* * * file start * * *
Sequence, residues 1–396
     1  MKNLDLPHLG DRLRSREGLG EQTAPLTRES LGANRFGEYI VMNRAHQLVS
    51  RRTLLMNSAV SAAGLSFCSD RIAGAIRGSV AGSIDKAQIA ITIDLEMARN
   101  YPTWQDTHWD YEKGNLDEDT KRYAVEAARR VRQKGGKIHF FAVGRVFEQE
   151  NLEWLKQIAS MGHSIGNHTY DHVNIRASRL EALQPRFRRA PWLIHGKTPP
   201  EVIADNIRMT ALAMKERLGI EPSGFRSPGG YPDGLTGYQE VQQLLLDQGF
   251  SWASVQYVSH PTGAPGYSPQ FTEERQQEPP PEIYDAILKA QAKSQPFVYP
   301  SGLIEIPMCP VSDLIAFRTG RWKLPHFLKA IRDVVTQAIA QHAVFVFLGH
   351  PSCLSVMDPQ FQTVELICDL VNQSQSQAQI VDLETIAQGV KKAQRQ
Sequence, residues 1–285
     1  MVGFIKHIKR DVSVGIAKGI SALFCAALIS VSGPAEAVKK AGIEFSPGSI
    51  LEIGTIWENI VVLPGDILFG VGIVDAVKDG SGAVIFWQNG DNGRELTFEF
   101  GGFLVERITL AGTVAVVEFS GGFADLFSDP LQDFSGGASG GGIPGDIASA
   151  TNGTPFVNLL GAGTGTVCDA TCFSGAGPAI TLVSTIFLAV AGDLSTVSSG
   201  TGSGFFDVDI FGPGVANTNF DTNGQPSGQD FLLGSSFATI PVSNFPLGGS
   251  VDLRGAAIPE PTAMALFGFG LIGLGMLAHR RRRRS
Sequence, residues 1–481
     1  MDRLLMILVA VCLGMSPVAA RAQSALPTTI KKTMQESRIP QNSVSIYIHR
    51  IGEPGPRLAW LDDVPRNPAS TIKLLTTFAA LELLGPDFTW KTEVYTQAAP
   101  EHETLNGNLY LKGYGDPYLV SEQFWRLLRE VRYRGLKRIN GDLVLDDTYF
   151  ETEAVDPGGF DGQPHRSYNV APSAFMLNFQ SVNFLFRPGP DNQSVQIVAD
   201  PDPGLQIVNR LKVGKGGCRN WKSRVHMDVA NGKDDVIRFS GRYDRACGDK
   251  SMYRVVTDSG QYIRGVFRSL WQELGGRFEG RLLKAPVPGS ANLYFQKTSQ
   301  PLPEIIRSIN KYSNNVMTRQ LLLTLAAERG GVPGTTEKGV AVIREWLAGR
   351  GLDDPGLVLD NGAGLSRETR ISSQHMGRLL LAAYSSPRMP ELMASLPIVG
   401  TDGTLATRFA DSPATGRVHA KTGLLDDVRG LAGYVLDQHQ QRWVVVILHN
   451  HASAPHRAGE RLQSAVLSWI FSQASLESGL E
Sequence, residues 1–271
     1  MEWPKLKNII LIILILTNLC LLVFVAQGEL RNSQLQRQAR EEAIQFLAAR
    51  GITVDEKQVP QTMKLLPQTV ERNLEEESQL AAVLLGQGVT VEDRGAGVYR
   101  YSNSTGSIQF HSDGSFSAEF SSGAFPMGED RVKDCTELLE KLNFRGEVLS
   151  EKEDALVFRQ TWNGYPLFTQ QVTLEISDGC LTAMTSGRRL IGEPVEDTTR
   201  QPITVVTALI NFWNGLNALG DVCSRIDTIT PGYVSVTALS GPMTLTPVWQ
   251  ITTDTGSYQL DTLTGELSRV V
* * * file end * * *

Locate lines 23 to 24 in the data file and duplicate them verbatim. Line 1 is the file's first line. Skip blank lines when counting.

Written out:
   251  SMYRVVTDSG QYIRGVFRSL WQELGGRFEG RLLKAPVPGS ANLYFQKTSQ
   301  PLPEIIRSIN KYSNNVMTRQ LLLTLAAERG GVPGTTEKGV AVIREWLAGR